How to stop my dog chewing? This is one of the most common issues dog owner face with their dogs during puppyhood and some into adulthood. My dog Lucas is a hugeeeee chewer -he chomps on his toys and bones until the cats come home (which is forever, because we are all allergic to cats here), and on occasion that means that he chews things he’s not supposed to. Though chewing is norma for puppies, there are five steps to correct inappropriate chewing that could work for you and your dog if you are persistent and can spend a lot of time to correct the behavior.
5 Steps to Correct Inappropriate Chewing:
1. Make sure it’s not due to a medical issue. Chewing can be a coping mechanism for your puppy if they are feeling ill due to gastrointestinal issues. Nutritional deficiencies and parasites can also be cause of chewing, so if it seems excessive, pay a visit to your veterinarian to either rule it out or correct the medical issue.
2. Puppy-proof your space. Much like babies, your puppy doesn’t know any better than to chew or play with household cleaners, electrical cords, or sharp objects. Keep potentially toxic items out of your puppy’s reach, as well as everyday objects like socks, kid’s toys, shoes, and small trinkets that might tempt your dog.
3. Encourage appropriate chewing. Pet stores are full of puppy-proofed items and toys that can be chewed up over and over again. Make sure the toy is big enough that it won’t be swallowed, but can be carried around, be careful with stuffed toys and rawhide that can be ripped apart and swallowed, and what I think is most important, do not give your dog a toy shaped or designed after something that they might actually chew. For Lucas, this means a shoe shaped toy especially. Do not give your dog license to your real things by giving them a confusing permission to chew something that looks just like it.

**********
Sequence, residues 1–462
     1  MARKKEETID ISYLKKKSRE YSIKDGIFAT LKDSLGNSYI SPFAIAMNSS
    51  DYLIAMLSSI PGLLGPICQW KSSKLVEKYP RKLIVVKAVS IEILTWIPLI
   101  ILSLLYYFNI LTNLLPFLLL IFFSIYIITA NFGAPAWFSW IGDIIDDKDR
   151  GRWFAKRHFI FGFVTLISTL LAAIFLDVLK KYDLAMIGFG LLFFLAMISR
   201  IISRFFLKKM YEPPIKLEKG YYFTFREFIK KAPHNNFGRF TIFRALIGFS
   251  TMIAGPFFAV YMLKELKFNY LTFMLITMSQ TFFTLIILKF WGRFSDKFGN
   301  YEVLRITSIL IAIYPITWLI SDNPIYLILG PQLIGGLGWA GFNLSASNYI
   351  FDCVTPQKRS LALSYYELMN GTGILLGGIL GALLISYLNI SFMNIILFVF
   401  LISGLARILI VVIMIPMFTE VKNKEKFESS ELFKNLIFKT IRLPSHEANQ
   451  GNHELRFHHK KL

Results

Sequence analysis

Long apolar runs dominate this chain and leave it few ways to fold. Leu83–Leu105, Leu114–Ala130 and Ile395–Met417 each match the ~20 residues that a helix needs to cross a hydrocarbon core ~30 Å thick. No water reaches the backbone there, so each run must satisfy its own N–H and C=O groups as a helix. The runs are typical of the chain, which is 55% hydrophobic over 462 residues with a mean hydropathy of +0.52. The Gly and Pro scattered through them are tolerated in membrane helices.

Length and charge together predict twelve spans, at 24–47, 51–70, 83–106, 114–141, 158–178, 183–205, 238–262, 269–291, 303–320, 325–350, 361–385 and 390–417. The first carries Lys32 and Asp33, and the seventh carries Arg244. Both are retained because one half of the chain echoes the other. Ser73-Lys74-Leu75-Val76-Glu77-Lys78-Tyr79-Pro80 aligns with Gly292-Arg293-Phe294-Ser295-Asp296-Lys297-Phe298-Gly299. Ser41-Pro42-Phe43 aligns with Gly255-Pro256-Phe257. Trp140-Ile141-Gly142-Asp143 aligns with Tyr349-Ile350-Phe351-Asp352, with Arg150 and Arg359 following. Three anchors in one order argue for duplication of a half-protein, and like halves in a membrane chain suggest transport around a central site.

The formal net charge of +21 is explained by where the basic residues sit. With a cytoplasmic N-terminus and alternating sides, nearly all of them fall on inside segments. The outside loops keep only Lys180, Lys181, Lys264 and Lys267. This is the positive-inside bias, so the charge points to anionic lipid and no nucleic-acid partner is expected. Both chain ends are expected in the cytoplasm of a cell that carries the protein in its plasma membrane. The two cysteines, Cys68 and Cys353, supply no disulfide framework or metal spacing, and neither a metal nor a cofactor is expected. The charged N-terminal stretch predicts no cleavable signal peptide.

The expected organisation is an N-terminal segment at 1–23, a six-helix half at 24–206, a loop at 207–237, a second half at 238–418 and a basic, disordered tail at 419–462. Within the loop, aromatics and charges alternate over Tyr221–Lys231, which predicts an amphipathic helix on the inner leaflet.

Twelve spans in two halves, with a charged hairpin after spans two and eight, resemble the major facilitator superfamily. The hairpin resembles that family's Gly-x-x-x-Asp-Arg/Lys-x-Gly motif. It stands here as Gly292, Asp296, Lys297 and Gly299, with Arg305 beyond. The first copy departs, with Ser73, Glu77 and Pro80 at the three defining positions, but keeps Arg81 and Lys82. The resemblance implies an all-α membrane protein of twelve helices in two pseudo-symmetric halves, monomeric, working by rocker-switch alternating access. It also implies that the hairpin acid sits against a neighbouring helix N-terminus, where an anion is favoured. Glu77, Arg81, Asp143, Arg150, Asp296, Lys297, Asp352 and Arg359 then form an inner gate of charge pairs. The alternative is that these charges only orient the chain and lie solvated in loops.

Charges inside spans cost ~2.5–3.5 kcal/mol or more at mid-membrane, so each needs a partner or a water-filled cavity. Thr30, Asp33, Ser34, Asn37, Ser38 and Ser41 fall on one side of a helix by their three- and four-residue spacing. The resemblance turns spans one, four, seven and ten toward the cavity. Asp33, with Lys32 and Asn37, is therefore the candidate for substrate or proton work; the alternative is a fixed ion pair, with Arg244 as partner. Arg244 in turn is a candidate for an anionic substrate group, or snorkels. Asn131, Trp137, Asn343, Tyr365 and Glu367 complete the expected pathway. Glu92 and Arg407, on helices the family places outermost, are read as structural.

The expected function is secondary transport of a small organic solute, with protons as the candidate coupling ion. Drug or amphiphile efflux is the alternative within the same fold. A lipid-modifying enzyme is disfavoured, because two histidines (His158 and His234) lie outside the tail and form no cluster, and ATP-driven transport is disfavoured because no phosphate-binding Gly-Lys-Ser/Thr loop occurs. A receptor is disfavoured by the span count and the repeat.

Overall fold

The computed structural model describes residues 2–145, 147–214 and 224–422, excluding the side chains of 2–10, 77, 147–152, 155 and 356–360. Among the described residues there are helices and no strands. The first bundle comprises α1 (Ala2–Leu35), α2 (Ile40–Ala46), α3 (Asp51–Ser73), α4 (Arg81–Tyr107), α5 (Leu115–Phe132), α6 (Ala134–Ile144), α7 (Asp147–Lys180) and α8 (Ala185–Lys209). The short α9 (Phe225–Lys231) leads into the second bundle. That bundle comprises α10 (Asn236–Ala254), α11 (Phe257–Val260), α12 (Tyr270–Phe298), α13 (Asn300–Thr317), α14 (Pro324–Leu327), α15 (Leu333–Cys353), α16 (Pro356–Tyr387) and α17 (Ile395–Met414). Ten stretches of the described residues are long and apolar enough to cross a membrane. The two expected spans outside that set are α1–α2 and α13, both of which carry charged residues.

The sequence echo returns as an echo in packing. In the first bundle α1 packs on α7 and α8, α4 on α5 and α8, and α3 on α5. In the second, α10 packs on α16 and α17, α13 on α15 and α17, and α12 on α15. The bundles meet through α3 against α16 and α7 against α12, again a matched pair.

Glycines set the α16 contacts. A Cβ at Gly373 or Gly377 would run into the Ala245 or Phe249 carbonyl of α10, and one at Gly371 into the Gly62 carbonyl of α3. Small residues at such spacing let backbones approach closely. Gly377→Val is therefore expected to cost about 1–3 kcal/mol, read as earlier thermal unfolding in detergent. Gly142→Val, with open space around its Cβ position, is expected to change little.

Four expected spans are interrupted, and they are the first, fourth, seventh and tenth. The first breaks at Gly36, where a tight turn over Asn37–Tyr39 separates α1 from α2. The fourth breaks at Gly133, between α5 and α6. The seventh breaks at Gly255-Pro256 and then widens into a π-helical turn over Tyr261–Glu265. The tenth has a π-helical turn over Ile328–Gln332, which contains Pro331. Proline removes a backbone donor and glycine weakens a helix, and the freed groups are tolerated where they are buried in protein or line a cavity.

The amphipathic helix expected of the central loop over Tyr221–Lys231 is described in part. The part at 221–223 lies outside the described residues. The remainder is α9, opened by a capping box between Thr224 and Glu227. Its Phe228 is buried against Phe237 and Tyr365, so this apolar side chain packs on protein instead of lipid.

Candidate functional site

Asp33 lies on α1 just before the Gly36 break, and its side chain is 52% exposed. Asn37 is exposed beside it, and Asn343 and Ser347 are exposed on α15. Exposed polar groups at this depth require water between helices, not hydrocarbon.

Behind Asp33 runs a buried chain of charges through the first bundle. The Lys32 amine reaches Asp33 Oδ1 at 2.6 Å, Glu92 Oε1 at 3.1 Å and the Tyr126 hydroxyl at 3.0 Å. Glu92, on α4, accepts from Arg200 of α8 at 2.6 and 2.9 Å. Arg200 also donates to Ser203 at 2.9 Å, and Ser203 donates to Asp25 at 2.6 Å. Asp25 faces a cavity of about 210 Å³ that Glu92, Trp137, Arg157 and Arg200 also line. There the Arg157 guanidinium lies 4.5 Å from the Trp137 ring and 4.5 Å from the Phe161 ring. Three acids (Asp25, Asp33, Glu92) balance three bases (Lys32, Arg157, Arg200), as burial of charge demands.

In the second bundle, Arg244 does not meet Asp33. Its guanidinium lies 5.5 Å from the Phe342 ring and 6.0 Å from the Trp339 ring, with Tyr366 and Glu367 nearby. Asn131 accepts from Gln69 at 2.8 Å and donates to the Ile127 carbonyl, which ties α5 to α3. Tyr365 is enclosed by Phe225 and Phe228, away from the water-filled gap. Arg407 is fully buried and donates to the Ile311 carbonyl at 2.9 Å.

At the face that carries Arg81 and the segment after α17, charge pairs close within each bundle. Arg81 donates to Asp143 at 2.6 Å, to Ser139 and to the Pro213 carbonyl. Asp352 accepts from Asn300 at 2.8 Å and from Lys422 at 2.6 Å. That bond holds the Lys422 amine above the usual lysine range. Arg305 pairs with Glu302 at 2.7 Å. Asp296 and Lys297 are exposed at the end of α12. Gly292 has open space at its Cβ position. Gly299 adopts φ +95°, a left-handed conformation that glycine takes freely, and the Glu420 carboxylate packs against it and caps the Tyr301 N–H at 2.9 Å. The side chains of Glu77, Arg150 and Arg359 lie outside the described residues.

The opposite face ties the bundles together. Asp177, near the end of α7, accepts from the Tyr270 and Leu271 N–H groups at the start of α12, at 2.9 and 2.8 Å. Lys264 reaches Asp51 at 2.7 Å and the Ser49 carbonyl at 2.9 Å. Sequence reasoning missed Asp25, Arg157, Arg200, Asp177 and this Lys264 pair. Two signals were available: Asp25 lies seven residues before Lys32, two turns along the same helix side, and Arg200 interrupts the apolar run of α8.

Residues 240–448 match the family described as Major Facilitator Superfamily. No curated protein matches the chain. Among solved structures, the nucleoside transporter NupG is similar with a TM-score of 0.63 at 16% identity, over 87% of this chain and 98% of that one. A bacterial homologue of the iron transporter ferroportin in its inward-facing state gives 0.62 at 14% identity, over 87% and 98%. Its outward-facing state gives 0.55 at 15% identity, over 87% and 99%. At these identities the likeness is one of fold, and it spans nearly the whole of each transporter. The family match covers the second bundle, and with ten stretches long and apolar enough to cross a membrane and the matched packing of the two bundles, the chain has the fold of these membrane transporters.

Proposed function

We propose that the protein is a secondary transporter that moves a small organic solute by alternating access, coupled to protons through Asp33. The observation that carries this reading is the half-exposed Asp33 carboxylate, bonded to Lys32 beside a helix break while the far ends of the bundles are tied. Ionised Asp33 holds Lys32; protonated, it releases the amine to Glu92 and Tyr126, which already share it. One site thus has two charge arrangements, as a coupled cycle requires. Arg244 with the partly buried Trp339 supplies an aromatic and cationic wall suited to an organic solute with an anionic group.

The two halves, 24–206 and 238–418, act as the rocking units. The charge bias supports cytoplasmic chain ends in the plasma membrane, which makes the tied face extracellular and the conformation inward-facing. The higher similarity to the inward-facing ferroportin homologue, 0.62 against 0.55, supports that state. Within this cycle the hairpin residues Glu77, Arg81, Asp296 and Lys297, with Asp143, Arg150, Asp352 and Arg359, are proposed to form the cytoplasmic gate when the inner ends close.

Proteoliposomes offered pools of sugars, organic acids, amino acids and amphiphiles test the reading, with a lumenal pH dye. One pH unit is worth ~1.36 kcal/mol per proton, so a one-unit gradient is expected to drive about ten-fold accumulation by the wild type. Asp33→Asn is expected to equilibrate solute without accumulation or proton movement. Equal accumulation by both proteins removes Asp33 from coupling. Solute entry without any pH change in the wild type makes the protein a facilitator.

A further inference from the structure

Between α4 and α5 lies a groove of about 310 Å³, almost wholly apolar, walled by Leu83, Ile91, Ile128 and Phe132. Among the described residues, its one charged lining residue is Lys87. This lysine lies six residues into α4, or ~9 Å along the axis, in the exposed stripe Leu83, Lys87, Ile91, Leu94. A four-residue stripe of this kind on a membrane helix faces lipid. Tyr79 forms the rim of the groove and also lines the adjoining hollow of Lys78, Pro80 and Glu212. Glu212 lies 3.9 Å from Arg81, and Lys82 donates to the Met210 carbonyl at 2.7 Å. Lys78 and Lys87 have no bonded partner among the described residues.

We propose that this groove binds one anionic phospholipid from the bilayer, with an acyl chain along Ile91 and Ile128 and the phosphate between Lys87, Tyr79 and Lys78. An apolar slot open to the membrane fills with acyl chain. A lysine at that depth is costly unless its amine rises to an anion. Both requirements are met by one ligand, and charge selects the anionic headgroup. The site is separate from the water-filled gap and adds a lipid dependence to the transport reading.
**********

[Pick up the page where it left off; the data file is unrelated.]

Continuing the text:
4. Discourage inappropriate chewing. Even when you think that anything chewable is out of the way after completing step two, puppies will be puppies, and their mischievous curiosity might lead them to something they can chew. If this happens, take the item away, scold them, quickly replace the item with an appropriate toy from step three, and praise your dog for chewing that appropriately. If this is repeated every time he chews something of yours, the behavior will decrease and he will know what is safe to chew and what will get him in trouble. Another option for failed correction is a taste deterrent, such as bitter apple spray.
5. Engage in play with your dog. If you make time to play with your dog every day, they will less likely engage in inappropriate chewing to keep them busy. Tiring them out on a regular basis will keep them calm, quiet, and likely engaged in their toys afterward.
After following these five steps, you should have a dog that understands what types of items are for chewing and which are not. I will definitely keep trying these last four steps with Lucas, because he is still a little bit mischievous. Let us know if these five steps work for you and your pooch.